- Paulette Smith v. University of Chicago Hospitals 07 IWCC 0449
Petitioner was a nurse who suffered a herniated disc on the job. Petitioner was placed under a permanent 10-pound restriction because she did not want to proceed with surgery. Petitioner claimed that she was unable to find employment within her restrictions and, as a result, she was permanently and totally disabled. We produced vocational evidence and testimony to demonstrate that Petitioner had not conducted a good faith job search and had sabotaged the vocational process. The arbitrator found that Petitioner had sabotaged the vocational process and found that she was only entitled to a person as a whole award based upon an unoperated herniated disc with restrictions. The Commission affirmed.
- Gwendolyn Smith v. University of Chicago Hospitals 06 WC 51232
Petitioner was employed as a security guard and testified that she was injured while pursuing a suspicious individual. While following this person, Petitioner slipped on a stairway and injured her low back. We denied the accident because we did not believe there was an increased risk. We relied upon contemporaneous medical histories indicating that Petitioner had simply missed a step while descending the stairs. We also provided testimony to demonstrate that that Petitioner made no report of any suspicious individuals on the date of accident and provided logs to confirm that Petitioner was not sent on any calls. The Arbitrator found the contemporaneous histories to be most persuasive. Based upon those histories, the Arbitrator found that Petitioner had failed to prove accident since there was no credible evidence of an increased risk. The mere act of walking up or down stairs is not, by itself, an increased risk.
- Enrique Billups v. University of Chicago Hospitals, 05 WC 0199
Petitioner alleged that she suffered a herniated disc and aggravation of her degenerative disc disease which required surgery and permanent restrictions as a result of washing windows for Respondent on a specific date. Evidence was produced which revealed that Petitioner did not report an accident until 10 days after the alleged incident. When she did report it, she admitted that she did not feel any pain on the alleged date of accident. Other histories revealed that Petitioner noted a gradual onset of pain. During cross-examination, Petitioner’s treating surgeon admitted that his causal opinion was based upon a specific trauma and further admitted that if there were no pain on the date of accident he could not give a causal opinion. The arbitrator denied compensation and held that Petitioner failed to prove that she was injured in an accident that arose out of and in the course of her employment with Respondent.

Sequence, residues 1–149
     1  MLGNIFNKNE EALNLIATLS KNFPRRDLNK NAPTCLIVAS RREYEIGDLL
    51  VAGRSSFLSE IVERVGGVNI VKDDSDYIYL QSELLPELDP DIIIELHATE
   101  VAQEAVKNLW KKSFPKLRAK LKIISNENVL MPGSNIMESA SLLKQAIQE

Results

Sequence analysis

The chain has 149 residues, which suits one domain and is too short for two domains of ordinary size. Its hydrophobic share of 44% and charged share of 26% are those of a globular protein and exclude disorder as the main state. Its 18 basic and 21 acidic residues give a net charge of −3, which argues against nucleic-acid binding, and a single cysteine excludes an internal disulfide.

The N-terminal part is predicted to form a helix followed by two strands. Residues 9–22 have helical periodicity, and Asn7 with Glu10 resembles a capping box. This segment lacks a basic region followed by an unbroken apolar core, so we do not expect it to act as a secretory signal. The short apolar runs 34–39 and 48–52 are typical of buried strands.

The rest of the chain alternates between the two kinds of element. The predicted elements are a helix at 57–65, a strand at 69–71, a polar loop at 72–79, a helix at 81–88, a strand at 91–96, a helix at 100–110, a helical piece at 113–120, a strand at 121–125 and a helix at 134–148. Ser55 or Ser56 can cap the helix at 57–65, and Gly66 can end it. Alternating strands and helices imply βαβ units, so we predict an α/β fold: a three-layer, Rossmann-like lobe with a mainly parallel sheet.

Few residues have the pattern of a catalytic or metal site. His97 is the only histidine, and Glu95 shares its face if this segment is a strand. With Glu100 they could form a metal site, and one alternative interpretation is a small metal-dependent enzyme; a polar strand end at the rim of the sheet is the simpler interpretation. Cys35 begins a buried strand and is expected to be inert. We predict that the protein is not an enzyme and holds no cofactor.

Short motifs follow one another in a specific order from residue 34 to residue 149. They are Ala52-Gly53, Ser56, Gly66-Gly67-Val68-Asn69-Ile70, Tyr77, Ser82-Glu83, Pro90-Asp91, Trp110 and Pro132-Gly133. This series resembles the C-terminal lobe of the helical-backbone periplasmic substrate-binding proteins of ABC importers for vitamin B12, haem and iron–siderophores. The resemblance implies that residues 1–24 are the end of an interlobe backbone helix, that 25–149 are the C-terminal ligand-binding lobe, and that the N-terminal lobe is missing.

- Scott Anselmo v. National Manufacturing 03 WC 6831
Petitioner injured his back while lifting a steel form from waist height. He was diagnosed with a large disc herniation at L4-5. Approximately 9 months after his release from care he sought additional treatment because while dressing at home, he felt sudden intense back pain while dressing at home. He was diagnosed with a herniation at the same level and surgery was performed resulting in permanent work restrictions. Petitioner claimed this was related to the original work injury. We introduced medical evidence and testimony to demonstrate that the act of dressing was a competent cause of a re-herniation and was sufficient to break the causal connection chain. We produced witness testimony to demonstrate that Petitioner had not made any complaints in the 9 months between his release from care and the subsequent event. We also provided evidence to attack Petitioner’s credibility. The Arbitrator found the later herniation, surgery and permanent restrictions were not causally related to the accepted work incident.
- Lisa Robbins v. National Manufacturing Co. 02 WC 42118.
Petitioner, a 36-year-old machine operator, claimed that she suffered a herniated disc either as a result of a specific injury or, in the alternative, as a result of cumulative trauma from years of working as a machine operator. Petitioner’s supervisor testified that Petitioner told him the injury had occurred outside of work. First aid employee testified that Petitioner also told her that back pain was not work related. The arbitrator rejected Petitioner’s later histories that she had a sudden onset of pain while at work and denied compensation because Petitioner failed to prove that she was injured in an accident that arose out of and in the course of her employment. The arbitrator also found that Petitioner failed to prove that she suffered a compensable cumulative injury.